Its interesting that we say Thatcher was just a cog in the machine of capital, yet Marx, Lenin, Jesus, Mohammed, etc. are exceptional individuals. There's a certain tension here. Do exceptional indivduals only emerge from the oppressed strata as expressions of subjectivty, while the ruling class only produces cogs as an expression of the dead weight of the "system."?

 

Link
Islam as a faction of state capitalism

 

Jk, I think I agree with Alf about the impact of individuals to the extent that one of my own counterarguments would be that  the impact of individual gurus of today such as Thatcher Keynes or L Ron Hubbard whether for religious or political movements  clearly has some impact on what their followers think and do.  What I am not sure about is that as you go back in history then the original gurus have less and less impact.   I cant see that whoever Jesus and Mohammed actually were as individuals has much relevance to the myth builders of today.

In terms of the Asiatic mode of production, does it really exist??  I have never read a definitive definition or analysis – more of suggestions as to what it is.  In the end it seems to me to be just a variation of feudalism based on centralised authority and rigid legal control of those underneath – which is primarily religious in content and with perhaps a less structured system of nobility rankings. Presumably there it is less land and agriculturally based than European feudalism.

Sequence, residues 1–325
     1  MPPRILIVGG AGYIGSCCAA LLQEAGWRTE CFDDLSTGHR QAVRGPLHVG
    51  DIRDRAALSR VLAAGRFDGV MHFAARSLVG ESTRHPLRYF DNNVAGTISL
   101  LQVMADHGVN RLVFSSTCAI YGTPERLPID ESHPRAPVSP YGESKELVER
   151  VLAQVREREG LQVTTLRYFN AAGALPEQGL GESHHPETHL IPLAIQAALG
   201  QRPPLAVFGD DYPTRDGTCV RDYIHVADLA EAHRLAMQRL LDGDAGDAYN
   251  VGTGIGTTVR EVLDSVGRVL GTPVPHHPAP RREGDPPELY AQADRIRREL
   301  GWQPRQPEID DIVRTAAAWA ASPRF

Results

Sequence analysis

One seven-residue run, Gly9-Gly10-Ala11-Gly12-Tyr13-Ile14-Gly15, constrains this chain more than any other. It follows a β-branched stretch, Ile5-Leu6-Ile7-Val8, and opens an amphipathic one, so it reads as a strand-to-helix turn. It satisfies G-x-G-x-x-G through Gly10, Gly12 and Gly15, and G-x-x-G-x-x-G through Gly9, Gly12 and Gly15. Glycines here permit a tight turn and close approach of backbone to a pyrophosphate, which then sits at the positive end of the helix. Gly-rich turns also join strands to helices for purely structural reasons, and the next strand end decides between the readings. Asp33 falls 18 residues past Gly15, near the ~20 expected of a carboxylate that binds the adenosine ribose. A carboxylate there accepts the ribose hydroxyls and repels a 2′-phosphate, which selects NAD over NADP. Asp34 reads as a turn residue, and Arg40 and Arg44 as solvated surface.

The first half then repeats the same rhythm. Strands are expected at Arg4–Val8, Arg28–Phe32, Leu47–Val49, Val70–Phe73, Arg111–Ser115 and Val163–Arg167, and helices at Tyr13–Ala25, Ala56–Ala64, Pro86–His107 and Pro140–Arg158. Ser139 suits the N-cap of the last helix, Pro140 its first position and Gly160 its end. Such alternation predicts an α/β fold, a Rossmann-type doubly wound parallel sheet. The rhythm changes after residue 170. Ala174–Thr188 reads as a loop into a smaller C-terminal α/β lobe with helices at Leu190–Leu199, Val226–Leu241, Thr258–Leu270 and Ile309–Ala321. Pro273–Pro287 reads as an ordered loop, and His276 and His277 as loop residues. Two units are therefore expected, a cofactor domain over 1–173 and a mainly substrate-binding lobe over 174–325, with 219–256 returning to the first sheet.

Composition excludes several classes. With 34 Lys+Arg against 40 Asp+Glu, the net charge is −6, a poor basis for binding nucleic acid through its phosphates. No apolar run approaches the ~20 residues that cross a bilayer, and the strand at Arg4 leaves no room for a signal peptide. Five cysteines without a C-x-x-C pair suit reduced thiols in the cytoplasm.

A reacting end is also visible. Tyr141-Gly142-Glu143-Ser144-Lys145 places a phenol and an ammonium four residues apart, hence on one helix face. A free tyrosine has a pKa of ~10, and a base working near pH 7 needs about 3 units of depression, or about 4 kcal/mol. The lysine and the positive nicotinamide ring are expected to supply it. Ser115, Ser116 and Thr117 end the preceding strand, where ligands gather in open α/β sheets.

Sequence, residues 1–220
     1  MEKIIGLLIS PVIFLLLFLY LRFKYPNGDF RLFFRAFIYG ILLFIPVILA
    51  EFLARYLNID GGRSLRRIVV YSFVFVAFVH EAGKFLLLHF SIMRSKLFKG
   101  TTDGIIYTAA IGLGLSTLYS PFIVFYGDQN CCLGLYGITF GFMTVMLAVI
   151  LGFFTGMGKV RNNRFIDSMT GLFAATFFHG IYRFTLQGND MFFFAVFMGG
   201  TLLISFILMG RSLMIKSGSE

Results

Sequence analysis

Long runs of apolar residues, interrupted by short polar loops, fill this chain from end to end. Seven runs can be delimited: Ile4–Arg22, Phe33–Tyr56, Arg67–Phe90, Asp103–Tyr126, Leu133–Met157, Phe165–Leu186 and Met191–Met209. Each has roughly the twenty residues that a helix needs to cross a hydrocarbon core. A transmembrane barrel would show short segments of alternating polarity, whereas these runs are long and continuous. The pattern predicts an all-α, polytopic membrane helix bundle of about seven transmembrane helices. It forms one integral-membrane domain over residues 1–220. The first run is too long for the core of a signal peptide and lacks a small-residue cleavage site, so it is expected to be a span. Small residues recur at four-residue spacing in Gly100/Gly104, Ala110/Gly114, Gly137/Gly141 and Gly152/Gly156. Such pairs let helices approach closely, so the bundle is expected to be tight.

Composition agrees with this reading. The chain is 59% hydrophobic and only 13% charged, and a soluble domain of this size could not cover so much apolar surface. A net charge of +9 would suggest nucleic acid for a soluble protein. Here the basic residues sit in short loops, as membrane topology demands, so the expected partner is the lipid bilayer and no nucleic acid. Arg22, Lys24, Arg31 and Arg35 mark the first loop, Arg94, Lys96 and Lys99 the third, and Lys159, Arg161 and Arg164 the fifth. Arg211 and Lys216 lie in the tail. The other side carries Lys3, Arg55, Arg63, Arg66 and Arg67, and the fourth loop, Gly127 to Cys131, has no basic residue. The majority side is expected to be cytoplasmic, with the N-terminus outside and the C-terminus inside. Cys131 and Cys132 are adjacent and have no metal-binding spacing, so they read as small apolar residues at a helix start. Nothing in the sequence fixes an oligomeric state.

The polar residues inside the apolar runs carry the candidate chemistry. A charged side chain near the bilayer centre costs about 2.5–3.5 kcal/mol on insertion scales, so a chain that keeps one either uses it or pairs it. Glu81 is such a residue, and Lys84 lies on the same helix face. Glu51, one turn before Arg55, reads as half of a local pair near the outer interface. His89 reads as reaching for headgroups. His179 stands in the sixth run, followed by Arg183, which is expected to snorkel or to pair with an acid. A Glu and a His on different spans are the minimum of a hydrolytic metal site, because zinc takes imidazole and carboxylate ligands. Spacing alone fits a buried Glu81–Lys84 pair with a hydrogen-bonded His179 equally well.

Question – Is there comparability between the political structures of Islam and Catholicism in feudal times? 

On jk’s query about differing levels of threat from differing religions, I think that what I am trying to get at is that they do behave differently and that judgements should be made about them in context as you say.  Without being an expert, some religions such as zen or Buddhism seem more individually based, the Cof E is fairly passive in Europe but less so in Africa, Catholicism has lost its original feudal role in Europe but retains a state influence in other countries.  Islam however is not a passive religion nowadays and neither is some of the American fundamentalism.  Islam seeks state capitalist power and seeks to impose its standards on the whole population.  As a result the state in such countries operates with factions of the church rather than distinct political parties. 

I cannot see Islam taking a supportive or passive response to a working class uprising let alone a revolution, it represents the state and is for capitalism against the wc.  Even in areas with a strong Islamic Church in Europe, I cannot see the church authorities accepting the expropriation of mosques and the banning of Friday services for example 

jk1921
On the AMP--I think the